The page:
One of the first things I did when I went full-time freelance about five years ago was get a website built. A good friend of mine who’s a website developer offered to build my site for a great price — actually for free! — so I said, “Sure, thanks!”
And the site was pretty good. It had all the essentials necessary for a freelancer’s website — about me, samples of work, some client testimonials and my contact info — and it looked professional enough. Whenever I talked to prospects, I would send them to DonSadlerWriter.com for more details on my background and to view samples, but beyond this, I didn’t think about the website too much.
Then a couple of years later I had my SEO “light bulb” moment and rewrote all my website copy for search engine optimization. In the process, I decided my website could probably use freshening up, so I hired another website developer to build a new site for me using WordPress.
The Far End of Non-Techie
At the time, I had heard of WordPress but I didn’t know much about it, other than it was a tool that enabled even non-techies to build their websites themselves. Well, I’m on the far end of the non-techie scale (and I don’t mean the good end), so I decided hiring an expert to build my site would be money well spent, even if I was “supposed” to be able to do it myself.
The result, I’m pleased to say, exceeded my expectations. Not only did my site look much more polished and professional, but between my SEO copywriting and my designer’s SEO expertise, I immediately ranked in the top five on Google for my optimized search terms — and now I’m usually #2, trailing only a freelance job site.
But that’s not all. My eyes were also opened to the wonderful world of content management systems, which is what WordPress really is. And content management systems are about a whole lot more than just building a website.
With content management systems like WordPress, Ektron and Kentico, non-techies can not only build a website, but they can also make most site changes and updates very easily. This is changing the game when it comes to many aspects of online marketing, including content marketing.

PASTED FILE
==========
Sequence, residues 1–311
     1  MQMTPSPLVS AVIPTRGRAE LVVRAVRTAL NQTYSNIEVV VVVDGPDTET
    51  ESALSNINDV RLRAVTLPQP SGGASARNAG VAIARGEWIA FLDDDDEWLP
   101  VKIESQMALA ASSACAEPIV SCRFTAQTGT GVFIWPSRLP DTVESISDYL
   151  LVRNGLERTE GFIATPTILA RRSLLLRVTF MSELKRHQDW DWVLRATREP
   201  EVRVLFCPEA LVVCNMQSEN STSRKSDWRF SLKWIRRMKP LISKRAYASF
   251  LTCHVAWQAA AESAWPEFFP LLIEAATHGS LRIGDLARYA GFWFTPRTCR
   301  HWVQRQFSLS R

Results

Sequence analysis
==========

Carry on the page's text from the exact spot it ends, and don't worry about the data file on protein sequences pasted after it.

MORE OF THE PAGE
Last week I was talking with Steve Herz, the CEO of one of my new clients, Moonstone Interactive, about content management systems. He said that before these systems were introduced, changing or updating a website was anything but easy. “You needed a working knowledge of HTML programming. And while HTML isn’t rocket science, it does require some training.”
So if a company wanted to make changes to its website, it would submit a work order to its online agency, which might take a couple of days (or longer) to make the change. Then the client would look at the change, possibly make a few tweaks, resubmit another work order, wait a couple of more days and … you get the picture.
But Steve says the process is very different with a content management system. “An employee can simply log into the website’s admin panel and make changes and updates using an edit tool in a dashboard that’s no more complicated than Microsoft Word. Then he or she clicks “preview” to review the change and “publish” if it looks good — and it’s done.”
The result: With a content management system, companies can now make website changes and updates themselves in less time than it used to take to write up a work order for their online agency. For example, Steve says it used to take one of his clients three months to get new brochures posted on their website. “Now it takes them less than 15 minutes.”
Managing Content Marketing Assets
In addition to making website changes and updates, content management systems can also be used to manage your content marketing assets. Publishing blogs is probably the simplest and best example. Here’s how it works for me:
Once I have written my newsletter article each month, I log into my WordPress website’s admin tool, click on “Add New Post,” copy and paste the article into the tool, do a few little SEO-boosting tasks, and click “Publish.” It takes less than 15 minutes. And remember, I’m about as non-techie as you can get!
Having a new WordPress website built enabled me to leverage the content I was creating for my monthly newsletter by also publishing it as a blog. The article you’re reading now comes to you as both an e-newsletter and it’s posted as a blog on my website. I call that “killing two birds with one stone,” if you’ll pardon the old cliché.
But publishing a blog is just scratching the surface of what you can do with a content management system. Once what Steve calls the “hygiene barrier” has been removed, you’re free to try new and innovative strategies with your website and content marketing initiatives.
One good example he points to is delivering personalized content based on unique website visitor behavior. “Or you could add a lead management or nurturing program like Marketo or Eloqua to your system.”